Intel isn’t in your phone, but it wants to be in your smartpants

smartpants headerIntel wants its chips to power your smartphone, but it’s not having much luck. Though it’s the dominant maker of desktop and laptop processors, it’s a bit player in mobile phones. Rivals like Qualcomm, Nvidia, MediaTek, and others control 95 percent of the smartphone chip market, and Intel is struggling to make any meaningful progress to turn that around. Intel missed the smartphone boat. But, there’s another boat coming along soon, and Intel already has its tickets booked.

Intel missed the smartphone boat. But, there’s another boat coming along soon, and Intel already has its tickets booked.

Instead of smartphones, Intel looks to be targeting what could be the next big thing in tech – wearables, but rather than dedicate itself to the market, we could see it use wearable tech as a way to come at the mobile industry from another direction. Sort of like becoming best mates with the sibling of the person you’re trying to date. As it’s still early days for wearable tech, Intel has the opportunity to be in at the start, and not face such a gargantuan task of playing catchup like it has been forced to do in the mobile industry.

Wearables may look like Intel’s new favorite, but it’s still hard at work on mobile chips – concentrating not on America or the UK, but China, Asia, Africa and the Middle East – and Tizen, its somewhat stalled mobile OS project. Intel’s mobile strategy looks like a tech trifecta, and the bets are on for wearables to come in first, Atom processors to cross the line second, and at the moment, Tizen bringing up the rear in third. However, does Intel want wearables to lead the race until the last corner, before letting Atom through to win the race?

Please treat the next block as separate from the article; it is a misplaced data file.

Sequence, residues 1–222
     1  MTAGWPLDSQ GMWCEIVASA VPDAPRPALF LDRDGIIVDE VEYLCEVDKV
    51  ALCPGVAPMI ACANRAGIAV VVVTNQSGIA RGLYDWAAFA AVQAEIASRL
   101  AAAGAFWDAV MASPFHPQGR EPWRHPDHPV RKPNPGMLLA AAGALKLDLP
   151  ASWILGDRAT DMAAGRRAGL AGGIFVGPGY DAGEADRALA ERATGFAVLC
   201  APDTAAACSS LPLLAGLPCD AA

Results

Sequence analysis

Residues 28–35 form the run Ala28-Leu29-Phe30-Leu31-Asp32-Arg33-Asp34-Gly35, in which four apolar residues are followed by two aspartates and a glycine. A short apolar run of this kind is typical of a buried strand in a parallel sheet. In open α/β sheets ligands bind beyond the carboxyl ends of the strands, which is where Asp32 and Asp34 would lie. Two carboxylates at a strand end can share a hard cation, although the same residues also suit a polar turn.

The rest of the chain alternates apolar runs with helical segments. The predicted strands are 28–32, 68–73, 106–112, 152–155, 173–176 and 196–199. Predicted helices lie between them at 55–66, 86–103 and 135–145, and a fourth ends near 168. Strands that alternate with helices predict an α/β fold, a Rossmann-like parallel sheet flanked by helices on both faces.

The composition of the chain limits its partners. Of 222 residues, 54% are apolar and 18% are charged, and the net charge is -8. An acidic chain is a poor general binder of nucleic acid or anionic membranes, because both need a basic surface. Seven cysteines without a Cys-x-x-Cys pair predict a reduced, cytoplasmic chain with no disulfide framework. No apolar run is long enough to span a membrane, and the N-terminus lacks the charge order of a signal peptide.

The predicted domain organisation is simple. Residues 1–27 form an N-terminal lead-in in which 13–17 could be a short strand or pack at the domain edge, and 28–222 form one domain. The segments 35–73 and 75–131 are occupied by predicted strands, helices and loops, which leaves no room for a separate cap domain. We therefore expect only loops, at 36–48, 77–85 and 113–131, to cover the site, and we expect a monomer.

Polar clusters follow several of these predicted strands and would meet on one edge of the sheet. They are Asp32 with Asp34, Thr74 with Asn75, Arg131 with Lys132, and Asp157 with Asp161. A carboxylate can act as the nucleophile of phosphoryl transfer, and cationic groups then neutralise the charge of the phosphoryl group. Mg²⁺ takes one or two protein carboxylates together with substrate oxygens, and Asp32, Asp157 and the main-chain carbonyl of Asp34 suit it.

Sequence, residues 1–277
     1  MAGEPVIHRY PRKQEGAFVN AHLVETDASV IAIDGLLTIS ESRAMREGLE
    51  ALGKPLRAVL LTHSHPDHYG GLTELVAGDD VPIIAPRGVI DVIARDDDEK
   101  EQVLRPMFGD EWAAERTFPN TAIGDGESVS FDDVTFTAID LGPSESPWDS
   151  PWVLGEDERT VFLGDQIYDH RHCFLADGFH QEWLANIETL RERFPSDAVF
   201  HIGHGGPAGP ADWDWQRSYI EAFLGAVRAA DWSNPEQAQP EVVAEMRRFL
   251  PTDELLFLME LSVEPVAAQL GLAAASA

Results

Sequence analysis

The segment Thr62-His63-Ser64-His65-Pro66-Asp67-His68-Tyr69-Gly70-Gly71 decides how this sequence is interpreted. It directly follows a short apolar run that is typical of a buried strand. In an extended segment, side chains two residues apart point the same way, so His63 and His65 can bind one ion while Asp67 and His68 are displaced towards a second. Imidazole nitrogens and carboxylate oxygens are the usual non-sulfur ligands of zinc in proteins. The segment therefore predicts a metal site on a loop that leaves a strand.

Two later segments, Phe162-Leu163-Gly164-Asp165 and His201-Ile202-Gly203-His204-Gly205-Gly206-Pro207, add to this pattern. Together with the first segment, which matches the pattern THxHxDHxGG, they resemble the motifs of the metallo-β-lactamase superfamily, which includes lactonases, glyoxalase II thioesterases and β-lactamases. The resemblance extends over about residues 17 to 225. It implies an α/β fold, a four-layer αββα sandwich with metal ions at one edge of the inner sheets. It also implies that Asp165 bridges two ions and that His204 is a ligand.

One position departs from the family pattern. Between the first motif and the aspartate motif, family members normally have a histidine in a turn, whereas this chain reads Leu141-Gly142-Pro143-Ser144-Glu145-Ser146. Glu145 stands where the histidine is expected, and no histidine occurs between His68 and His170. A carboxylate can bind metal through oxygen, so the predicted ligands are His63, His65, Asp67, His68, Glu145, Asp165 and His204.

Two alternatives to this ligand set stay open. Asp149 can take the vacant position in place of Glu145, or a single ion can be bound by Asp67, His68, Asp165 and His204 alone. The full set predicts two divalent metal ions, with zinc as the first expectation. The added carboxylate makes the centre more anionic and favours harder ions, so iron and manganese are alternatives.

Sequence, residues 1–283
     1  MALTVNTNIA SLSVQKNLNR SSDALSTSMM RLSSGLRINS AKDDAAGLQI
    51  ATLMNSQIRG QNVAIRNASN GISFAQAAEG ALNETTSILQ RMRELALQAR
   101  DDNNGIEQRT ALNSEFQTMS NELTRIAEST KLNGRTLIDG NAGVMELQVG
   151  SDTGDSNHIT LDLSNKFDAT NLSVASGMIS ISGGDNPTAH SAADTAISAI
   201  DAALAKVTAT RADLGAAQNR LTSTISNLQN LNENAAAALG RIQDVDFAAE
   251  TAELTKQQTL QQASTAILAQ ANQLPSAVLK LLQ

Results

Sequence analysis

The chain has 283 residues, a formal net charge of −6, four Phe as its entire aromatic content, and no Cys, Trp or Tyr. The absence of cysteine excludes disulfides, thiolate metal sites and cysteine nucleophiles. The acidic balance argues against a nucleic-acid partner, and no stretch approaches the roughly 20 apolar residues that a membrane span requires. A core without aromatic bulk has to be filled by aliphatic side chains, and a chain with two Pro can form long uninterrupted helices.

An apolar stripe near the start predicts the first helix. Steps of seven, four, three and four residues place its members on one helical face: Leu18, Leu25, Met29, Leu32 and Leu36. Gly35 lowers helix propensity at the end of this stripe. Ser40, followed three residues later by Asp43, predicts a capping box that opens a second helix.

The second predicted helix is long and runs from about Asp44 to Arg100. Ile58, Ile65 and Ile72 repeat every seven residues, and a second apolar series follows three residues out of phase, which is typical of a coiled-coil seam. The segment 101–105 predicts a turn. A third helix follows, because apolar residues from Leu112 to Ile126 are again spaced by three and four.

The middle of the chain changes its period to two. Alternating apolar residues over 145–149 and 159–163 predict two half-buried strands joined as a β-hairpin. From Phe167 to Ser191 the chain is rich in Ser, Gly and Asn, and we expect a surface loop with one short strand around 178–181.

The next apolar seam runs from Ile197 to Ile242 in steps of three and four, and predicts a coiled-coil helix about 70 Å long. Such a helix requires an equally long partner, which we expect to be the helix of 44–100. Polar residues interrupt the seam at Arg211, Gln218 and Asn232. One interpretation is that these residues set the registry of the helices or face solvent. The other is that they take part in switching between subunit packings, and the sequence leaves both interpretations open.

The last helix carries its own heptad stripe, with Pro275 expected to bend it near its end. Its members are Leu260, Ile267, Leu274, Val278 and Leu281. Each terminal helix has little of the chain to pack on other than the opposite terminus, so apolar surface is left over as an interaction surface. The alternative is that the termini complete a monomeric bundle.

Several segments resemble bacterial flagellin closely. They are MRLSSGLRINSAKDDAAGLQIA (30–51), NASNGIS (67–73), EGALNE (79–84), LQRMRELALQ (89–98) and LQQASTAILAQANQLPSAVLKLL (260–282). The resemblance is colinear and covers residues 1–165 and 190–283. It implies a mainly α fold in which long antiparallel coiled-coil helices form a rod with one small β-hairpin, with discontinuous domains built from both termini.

A key battleground for mobile players

Most recently, Intel’s intentions regarding wearable tech has been highlighted by Intel’s new CEO Brian Krzanich, who in an interview with Reuters said he expected Intel chips would start to appear in, “items for eyes and ears,” at the end of 2013 and into early 2014. He specifically mentioned wristbands and watches, admitted he was a Google Glass user, and called the wearable computing market, “A key battleground for mobile industry players.”

However, this was far from the first mention of wearable tech by an Intel executive. In January, Intel’s CTO Justin Rattner told wearables would, “Come on strong in the next couple of years,” and that research into such devices was, “Gaining momentum inside Intel Labs.” Later, in June, Rattner talked to The Guardian, commenting on how important the flow of data is going to be when we all start wearing our gadgets, and how it could be stored in the cloud to make wearable devices smarter, and more useful. He described a fully fledged digital assistant, with its knowledge coming from data you share with social networks, photos, emails, and even biometrics from fitness devices.